All these causes create a dramatic gap in the use of political rights between the majorities and Roma minorities. Hammarberg holds mainstream political parties responsible for this situation, since they have not been active either in including Roma candidates in their voting lists or in adopting the Roma issue in their political agendas.
In recent years, especially after the EU enlargement in 2007 and the economic crisis that started in 2008, Roma issues have been on the political agenda in a number of countries. The history seems to repeat itself when the Roma are being the ones to blame for economic and other problems people in Europe are facing. Are these underprivileged communities really the ones who have created the bank crisis, a loss of jobs and the deterioration of Europe’s future prospects? That’s not very likely. To the contrary, they are rather the first ones to pay the price of the political and economical crisis. According to the monitoring lobbies such as ERRC (European Roma Rights Centre), violent attacks against the Roma and racist hate speech even from high level politicians and authorities have increased especially in Romania, Slovakia, the Czech Republic, and Hungary, but also in Western European countries like France and Italy. It is always very alarming when elections are won with the use of anti-Roma speech.
The national parliaments remain a challenge for the Roma in most European countries. Due to the problems mentioned earlier, there is rarely a Roma candidate attracting enough voters from their own community and/or from the majority. It is also highly misleading to think that all Roma have the same kind of political views based solely on their shared ethnic background.
So, what could be the ways for a more effective political participation of the Roma? There are different solutions depending on the number of the Roma population in a country and on each country’s political system.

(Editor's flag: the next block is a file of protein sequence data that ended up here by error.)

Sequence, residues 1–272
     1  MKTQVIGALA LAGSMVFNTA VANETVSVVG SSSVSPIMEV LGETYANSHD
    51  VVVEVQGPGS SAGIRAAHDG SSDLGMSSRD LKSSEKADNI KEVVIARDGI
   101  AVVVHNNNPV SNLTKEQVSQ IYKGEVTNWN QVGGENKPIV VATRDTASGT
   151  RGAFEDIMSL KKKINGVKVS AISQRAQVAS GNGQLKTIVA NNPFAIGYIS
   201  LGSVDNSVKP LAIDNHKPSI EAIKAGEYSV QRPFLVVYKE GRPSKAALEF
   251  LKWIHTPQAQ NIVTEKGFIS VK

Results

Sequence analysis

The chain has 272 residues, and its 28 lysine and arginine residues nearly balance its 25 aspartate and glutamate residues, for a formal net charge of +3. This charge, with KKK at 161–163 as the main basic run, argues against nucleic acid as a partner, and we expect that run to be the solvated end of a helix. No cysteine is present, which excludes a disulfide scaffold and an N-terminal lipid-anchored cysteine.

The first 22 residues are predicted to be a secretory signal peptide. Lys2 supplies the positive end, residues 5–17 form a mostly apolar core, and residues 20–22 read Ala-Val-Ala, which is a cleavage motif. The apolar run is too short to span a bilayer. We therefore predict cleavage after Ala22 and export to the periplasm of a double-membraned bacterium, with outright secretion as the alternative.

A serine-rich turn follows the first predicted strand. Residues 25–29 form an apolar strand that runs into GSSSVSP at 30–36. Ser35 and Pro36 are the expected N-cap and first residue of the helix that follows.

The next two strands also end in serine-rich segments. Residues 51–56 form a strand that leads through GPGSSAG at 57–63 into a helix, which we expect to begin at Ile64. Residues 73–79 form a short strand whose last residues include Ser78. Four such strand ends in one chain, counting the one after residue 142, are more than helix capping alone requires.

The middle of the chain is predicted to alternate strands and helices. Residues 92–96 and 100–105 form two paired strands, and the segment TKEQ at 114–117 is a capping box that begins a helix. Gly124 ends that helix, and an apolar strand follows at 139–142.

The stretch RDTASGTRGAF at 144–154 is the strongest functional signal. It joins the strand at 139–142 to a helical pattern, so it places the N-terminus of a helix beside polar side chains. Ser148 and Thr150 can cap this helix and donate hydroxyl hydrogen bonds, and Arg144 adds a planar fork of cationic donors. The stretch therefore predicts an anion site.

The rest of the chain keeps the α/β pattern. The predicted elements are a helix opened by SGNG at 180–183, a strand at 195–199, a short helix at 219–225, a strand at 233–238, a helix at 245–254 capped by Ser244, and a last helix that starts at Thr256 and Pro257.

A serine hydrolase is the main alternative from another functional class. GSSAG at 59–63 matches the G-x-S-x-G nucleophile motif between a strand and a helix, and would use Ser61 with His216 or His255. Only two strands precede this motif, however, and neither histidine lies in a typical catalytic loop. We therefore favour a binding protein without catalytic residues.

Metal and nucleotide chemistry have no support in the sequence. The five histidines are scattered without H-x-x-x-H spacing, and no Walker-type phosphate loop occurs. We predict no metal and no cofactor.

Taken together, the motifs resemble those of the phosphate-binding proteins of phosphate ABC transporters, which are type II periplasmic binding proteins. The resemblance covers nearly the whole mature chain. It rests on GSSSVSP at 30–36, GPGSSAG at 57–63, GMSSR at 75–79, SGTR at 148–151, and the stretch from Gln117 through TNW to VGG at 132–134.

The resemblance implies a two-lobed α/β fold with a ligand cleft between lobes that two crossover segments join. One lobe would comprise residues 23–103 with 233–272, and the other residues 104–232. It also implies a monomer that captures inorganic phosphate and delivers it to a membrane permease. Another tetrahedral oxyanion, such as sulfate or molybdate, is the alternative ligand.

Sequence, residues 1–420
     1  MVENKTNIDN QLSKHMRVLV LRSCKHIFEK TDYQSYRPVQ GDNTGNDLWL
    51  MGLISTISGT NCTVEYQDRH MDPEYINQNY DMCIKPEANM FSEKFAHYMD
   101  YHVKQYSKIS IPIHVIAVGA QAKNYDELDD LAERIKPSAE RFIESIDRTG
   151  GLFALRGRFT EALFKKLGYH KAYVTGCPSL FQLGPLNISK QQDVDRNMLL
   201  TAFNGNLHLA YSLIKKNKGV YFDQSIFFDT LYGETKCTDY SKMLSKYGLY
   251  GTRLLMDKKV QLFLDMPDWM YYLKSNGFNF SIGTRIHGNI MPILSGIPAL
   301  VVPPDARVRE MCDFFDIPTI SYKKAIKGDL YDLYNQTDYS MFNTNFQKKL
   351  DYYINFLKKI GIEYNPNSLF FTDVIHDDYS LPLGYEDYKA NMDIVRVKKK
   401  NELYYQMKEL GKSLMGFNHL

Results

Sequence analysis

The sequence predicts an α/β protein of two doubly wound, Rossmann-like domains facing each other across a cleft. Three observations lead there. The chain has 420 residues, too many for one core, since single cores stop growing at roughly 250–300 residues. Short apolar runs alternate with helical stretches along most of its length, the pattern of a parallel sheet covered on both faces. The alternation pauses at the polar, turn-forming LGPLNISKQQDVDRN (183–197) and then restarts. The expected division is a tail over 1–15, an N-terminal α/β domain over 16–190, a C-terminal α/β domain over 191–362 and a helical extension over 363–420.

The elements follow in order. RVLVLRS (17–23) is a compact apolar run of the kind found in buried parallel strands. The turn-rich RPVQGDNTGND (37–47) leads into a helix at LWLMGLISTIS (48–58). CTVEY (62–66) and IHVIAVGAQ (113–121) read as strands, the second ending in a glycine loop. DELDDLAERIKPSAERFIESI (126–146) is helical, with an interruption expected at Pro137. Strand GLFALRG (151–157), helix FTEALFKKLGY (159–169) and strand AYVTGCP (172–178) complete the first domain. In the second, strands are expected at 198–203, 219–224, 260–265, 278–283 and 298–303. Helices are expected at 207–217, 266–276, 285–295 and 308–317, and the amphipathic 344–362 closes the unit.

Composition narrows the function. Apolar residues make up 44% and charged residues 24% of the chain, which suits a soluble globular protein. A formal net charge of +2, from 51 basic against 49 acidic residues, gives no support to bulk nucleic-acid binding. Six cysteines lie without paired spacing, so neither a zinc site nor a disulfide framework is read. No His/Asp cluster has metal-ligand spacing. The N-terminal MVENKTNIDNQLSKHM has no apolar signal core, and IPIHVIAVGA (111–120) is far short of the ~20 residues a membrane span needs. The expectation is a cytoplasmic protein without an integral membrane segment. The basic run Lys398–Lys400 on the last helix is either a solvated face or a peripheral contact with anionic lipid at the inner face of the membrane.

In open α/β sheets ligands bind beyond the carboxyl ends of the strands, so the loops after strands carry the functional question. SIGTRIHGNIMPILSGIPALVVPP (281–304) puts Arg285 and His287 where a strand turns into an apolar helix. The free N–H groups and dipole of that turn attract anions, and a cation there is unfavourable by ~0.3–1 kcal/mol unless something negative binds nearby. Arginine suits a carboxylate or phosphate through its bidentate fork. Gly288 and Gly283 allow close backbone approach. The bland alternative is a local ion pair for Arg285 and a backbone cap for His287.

In some countries, like FYR Macedonia, the Roma have established political parties of their own. In these cases, they have two possibilities to have a meaningful impact on national politics: the first one is to form a coalition with other Roma parties. The second is to negotiate a partnership with mainstream parties. However, in most of the countries it is the mainstream parties that offer a substantial channel to participate in political life.
The most pragmatic solution is to encourage both the mainstream parties and Roma individuals to take part in local elections. In Finland, there have been some positive experiences of Roma participation in elections at the local level. My personal advice for Roma origin candidates would be to focus on issues of general interest. One should not limit him/herself to the ethnic boundaries of a community in any sphere of life.
Hammarberg, Thomas (2008): “Roma representatives must be welcomed into political decision-making”. Council of Europe. Viewpoints/2008. http://www.coe.int/t/commissioner/viewpoints/080901_en.asp
Sobotka, Eva (2001): The Limits of the State: Political Participation and Representation of Roma in the Chech Republic, Hungary, Poland and Slovakia. Journal on Ethnopolitics and Minority Issues in Europe. Winter 2001-2002, 2-23.
Interview with Dezideriu Gergely, Executive Director of the European Roma Rights Centre http://www.errc.org/article/violence-against-roma/4055